HP: Is anyone other than you allowed to massage them?

AW: Uhh, no. I solely massage them, once a week, every Tuesday.

HP: What is your favorite season?

AW: I’d say fall is my favorite season. There is a lot in season food wise and I like the changing of the season. It’s not overly hot, but especially up north where I grew up, all the leaves start to change.

HP: What’s the best dinner experience you’ve ever had?

AW: That’s hard. [pauses]. That’s a tough one. I think Alinea. Not only was their service impeccable but their food really outshined their service, which is a really hard thing to do. It was just a really fun trip. I flew up, ate dinner, flew back.

HP: What’s it like to work with a legend?

AW: It’s crazy he’s [Tony Vallone] got more energy than most of the younger staff in the building. Even me. You have to continuously take notes and stay on your game every day because he always wants to push forward. Which is really great. There is not a day where you can chill. It’s always, what’s next? What can you get in on the menu? What can we improve on? You learn so much every day working with him.

HP: How has he pushed you to become better?

AW: He demands consistency, which I think is the most important thing in the kitchen. So, if anything is not consistent, or something is changing throughout the process of creating and putting something on the menu he will find it and that pushes me to make sure it’s perfect. Of course, he does find stuff wrong every once-in-a-while and that’s when you go back to the drawing board and fix it.

HP: What were you for Halloween last year?

AW: I was Elsa from Frozen.

HP: That’s interesting, why?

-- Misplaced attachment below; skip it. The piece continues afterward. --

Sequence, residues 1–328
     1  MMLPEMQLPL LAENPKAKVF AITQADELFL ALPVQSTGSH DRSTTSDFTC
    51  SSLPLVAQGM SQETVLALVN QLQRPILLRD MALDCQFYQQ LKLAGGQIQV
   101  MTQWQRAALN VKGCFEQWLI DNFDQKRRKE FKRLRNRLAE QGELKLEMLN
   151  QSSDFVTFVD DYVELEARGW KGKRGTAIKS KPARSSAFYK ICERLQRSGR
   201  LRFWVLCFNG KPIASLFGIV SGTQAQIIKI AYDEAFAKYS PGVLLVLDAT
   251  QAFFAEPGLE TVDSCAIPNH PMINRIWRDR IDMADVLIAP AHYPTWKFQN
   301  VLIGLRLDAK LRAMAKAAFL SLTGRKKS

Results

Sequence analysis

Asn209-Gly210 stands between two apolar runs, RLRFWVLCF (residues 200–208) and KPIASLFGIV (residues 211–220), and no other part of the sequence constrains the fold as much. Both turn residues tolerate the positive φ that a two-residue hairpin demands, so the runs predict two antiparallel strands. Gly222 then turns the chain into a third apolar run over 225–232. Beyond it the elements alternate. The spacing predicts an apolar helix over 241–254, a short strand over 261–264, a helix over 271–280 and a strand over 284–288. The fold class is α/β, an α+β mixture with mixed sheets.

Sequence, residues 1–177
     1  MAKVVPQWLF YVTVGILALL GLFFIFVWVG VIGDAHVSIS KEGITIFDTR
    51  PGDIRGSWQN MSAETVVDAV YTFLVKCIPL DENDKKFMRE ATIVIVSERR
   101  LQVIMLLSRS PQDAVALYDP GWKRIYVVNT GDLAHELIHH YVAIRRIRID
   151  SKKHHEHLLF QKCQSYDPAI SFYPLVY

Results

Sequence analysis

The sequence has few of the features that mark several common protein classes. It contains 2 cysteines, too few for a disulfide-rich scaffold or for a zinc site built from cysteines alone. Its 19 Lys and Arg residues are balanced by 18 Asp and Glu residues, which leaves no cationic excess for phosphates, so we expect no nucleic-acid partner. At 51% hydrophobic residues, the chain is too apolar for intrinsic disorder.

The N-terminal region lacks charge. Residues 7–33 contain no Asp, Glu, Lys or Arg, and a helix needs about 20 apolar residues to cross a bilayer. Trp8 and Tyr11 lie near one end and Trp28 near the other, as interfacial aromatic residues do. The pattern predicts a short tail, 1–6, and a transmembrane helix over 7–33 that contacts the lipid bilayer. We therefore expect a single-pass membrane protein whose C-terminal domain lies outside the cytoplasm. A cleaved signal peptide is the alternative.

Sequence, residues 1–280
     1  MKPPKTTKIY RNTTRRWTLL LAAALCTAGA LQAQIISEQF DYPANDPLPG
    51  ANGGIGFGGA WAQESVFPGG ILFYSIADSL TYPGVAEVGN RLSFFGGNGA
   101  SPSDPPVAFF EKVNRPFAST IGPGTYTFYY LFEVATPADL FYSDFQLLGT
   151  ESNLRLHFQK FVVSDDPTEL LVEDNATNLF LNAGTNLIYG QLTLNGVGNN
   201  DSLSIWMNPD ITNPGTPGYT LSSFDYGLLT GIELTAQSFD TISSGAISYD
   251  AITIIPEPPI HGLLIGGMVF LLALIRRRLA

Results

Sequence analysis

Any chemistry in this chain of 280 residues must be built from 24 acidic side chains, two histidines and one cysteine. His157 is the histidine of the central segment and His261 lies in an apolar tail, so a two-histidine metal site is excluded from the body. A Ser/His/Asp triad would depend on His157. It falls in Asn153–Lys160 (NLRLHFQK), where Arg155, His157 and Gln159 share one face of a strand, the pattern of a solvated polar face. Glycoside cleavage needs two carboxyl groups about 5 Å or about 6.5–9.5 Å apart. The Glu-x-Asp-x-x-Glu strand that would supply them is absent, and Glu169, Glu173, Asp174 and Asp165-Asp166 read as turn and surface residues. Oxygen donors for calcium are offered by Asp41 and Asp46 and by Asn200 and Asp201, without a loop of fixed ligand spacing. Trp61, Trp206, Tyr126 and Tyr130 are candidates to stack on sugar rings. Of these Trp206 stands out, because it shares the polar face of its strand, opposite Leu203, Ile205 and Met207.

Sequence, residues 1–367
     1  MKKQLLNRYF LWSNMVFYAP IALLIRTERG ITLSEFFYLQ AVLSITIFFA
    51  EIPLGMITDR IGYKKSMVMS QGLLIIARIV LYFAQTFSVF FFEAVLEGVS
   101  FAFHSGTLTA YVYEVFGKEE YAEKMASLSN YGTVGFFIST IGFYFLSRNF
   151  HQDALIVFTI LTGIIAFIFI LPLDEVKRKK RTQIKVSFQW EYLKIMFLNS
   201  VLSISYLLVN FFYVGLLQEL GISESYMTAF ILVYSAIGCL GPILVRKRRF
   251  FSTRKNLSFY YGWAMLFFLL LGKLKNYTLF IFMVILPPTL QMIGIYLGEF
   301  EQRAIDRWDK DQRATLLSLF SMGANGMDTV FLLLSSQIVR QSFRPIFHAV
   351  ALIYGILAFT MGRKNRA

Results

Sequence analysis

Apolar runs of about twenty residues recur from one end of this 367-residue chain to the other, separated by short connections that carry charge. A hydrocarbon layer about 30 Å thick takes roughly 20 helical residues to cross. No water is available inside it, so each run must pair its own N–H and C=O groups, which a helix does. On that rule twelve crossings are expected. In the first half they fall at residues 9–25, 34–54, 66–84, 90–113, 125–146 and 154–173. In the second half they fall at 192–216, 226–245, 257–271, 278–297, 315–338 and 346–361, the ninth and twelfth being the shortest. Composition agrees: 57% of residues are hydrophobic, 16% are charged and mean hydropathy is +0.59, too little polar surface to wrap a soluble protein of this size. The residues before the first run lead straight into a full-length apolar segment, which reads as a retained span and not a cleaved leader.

AW: We lost a bet on who was going to die first on Game of Thrones. All our [guy] friends had to dress up as Disney princesses.

HP: What does vacation look like to you?

AW: Pretty much all my vacations are food trips, so I kind of like plot where I want to eat. I like to book it really fast and go. I don’t like waiting. I like making last minute trips anywhere I possibly can.

HP: What’s on your radar next?

AW: I just booked a flight today to Steamboat for March. I’m going snowboarding. Hopefully going to New York with Mr. Vallone.

HP: You are a twin, is your brother into cooking too?

AW: (smiles) No, he cooks mac and cheese out of the box. That’s the extent of his cooking but he’s slowly learning (laughs.)

HP: Tell me about the T-shirts you help design…

AW: I help with this T-shirt company called Feed Me Apparel. Just on the idea side, but Shannon Smith takes over the development and getting them to print. You can find them on Etsy and Instagram, @feedmeapparel. I think one day they will take off, we are still in the beginning stages.

HP: What favorite misspelled kitchen labels have you come across?

AW: Oooh. “Demigles” for demi-glace is pretty good. “Butt Squash” for butternut squash too.

HP: Which app on your phone are you addicted too?

AW: Right now, I’m either addicted to Instagram or the activity on my Apple Watch. I’m really into competing with Scott Sulma for how many steps we’ve had and also at events with event coordinators, how far we’ve gone. Who has moved the most.

HP: Are you winning?

AW: Uh yeah. Leila is my best competitor.

HP: Who is Leila?

AW: She is our event coordinator for our catering department.

HP: You have two minutes left to buy beer, which case do you grab?

AW: Miller Lite.

HP: If there were a Houston chef calendar, which month would you be, and why?

AW: I’d like to be March. It’s the turning point from winter to spring and it’s my birthday month. I’d definitely be March.